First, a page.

Dealing with anti-social behaviour in any type of property can be difficult. Shared properties that are HMOs have extra requirements relating to managing this type of behaviour. The HMO manager must have a policy or plan to deal with any anti-social behaviour caused by or affecting the people living in the HMO.
All HMO properties must be licensed. Before a licence is granted, the council has to be satisfied that the property is suitable for the number of people who will be living in it and that the person who will be managing the property is “fit and proper”.
Some rental properties are offered with "zero deposit". Instead of paying a full deposit, you pay a fee. The fee is normally about one week's rent. You won't get this fee back at the end of your tenancy and you will still be responsible for paying the landlord for any rent arrears you owe or damages you have caused.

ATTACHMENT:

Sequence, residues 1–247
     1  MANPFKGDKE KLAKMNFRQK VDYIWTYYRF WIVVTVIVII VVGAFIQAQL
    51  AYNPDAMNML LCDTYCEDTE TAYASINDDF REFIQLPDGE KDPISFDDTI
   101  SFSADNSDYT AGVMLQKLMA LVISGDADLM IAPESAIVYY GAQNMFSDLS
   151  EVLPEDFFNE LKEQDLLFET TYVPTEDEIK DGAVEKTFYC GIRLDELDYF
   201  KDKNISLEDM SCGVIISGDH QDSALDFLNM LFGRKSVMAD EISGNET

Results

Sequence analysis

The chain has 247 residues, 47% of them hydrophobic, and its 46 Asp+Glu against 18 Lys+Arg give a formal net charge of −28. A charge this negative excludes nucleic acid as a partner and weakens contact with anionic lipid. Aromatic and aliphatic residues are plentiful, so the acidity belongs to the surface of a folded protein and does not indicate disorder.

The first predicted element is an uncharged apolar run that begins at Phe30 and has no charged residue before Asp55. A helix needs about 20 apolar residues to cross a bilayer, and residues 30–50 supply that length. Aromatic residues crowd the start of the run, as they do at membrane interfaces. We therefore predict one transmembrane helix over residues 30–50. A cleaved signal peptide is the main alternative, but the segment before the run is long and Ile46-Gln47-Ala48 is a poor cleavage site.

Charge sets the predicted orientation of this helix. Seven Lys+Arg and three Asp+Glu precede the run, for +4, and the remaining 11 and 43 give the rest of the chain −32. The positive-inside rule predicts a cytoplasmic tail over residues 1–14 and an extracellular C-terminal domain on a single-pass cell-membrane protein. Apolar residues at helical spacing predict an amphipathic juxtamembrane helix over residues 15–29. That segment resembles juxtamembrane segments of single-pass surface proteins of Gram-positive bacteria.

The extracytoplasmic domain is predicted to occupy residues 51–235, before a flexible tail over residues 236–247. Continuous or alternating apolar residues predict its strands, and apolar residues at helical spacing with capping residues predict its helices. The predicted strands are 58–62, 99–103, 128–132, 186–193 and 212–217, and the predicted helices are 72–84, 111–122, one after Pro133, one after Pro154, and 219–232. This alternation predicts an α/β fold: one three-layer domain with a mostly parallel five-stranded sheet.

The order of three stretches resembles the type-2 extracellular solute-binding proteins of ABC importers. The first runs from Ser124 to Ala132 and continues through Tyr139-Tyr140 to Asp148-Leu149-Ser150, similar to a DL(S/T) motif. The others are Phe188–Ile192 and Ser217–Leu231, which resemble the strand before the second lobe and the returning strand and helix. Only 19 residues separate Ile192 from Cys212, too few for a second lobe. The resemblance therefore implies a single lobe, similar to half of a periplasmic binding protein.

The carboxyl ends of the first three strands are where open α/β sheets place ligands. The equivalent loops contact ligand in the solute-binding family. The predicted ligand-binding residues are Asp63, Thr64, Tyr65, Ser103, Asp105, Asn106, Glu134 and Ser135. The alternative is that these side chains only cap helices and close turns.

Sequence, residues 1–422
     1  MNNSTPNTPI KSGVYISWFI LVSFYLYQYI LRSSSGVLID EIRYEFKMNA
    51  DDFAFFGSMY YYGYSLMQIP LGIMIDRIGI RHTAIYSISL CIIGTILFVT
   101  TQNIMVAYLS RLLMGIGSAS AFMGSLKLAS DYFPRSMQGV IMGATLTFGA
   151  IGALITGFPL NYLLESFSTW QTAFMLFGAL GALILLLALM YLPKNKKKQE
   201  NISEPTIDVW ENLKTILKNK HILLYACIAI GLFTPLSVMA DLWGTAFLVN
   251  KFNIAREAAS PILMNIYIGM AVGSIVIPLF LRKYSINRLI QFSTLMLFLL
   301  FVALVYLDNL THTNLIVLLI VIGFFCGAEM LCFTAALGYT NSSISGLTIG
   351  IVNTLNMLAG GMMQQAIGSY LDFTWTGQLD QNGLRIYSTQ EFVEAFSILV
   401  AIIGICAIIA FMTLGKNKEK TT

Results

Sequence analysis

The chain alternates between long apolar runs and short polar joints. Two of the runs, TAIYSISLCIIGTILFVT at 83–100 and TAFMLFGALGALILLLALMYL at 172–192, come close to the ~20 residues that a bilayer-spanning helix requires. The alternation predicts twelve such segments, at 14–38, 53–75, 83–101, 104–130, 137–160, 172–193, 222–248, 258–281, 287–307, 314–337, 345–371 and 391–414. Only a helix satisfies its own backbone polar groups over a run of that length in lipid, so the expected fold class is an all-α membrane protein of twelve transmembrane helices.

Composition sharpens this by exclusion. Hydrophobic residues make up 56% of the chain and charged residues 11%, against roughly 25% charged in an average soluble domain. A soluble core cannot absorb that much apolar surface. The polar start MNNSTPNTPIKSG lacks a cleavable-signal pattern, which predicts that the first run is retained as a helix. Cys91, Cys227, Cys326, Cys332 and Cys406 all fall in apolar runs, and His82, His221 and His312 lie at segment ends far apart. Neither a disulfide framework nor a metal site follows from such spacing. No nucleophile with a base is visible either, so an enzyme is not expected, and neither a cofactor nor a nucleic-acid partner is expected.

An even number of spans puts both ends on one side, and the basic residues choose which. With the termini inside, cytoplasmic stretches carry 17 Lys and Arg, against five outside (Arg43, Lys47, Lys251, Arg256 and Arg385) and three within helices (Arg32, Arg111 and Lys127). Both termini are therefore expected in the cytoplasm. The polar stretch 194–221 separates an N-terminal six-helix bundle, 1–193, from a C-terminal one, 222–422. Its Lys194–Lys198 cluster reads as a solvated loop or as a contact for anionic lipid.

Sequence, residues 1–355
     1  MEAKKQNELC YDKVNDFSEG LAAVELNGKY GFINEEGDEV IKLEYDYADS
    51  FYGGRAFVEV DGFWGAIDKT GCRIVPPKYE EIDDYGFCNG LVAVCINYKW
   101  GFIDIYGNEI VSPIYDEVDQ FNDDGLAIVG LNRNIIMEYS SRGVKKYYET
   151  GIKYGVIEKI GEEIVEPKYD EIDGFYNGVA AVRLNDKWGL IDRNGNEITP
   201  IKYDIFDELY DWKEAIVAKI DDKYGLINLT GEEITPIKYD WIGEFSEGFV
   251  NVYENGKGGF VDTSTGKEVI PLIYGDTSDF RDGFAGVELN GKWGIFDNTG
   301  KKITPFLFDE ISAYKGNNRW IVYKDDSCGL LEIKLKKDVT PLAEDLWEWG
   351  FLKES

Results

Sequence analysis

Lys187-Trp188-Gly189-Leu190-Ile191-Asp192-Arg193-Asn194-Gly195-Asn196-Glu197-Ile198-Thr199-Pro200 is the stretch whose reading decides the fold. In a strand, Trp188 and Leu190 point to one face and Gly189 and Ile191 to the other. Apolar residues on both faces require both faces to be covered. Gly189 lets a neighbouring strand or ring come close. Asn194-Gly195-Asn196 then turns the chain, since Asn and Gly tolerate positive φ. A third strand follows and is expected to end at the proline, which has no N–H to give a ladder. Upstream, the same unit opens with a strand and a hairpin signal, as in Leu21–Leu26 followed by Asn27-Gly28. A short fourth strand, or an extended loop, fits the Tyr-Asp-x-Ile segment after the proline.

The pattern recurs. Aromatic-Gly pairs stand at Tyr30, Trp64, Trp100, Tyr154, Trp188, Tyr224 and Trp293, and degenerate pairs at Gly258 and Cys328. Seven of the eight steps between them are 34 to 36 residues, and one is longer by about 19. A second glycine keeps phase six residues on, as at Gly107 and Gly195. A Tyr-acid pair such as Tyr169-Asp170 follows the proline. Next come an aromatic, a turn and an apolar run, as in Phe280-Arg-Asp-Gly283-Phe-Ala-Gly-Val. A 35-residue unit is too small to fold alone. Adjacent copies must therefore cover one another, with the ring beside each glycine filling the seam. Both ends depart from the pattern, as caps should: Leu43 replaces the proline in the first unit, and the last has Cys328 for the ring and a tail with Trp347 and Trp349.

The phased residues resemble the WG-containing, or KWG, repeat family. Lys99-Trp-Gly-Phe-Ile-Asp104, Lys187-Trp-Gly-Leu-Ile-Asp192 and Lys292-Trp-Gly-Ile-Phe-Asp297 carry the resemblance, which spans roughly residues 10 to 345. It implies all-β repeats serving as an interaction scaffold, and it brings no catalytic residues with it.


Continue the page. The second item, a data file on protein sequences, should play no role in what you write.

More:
Talk to the landlord about why you want to leave the property. Your landlord might be understanding about your problems and agree to allow you to leave the property before the contract ends. You might be able to negotiate an early release if you agree to certain conditions. These could include
When a landlord applies for a licence for a HMO, the property is approved for a maximum number of persons. If there are more people living in the property than the license allows, the landlord has committed an offence.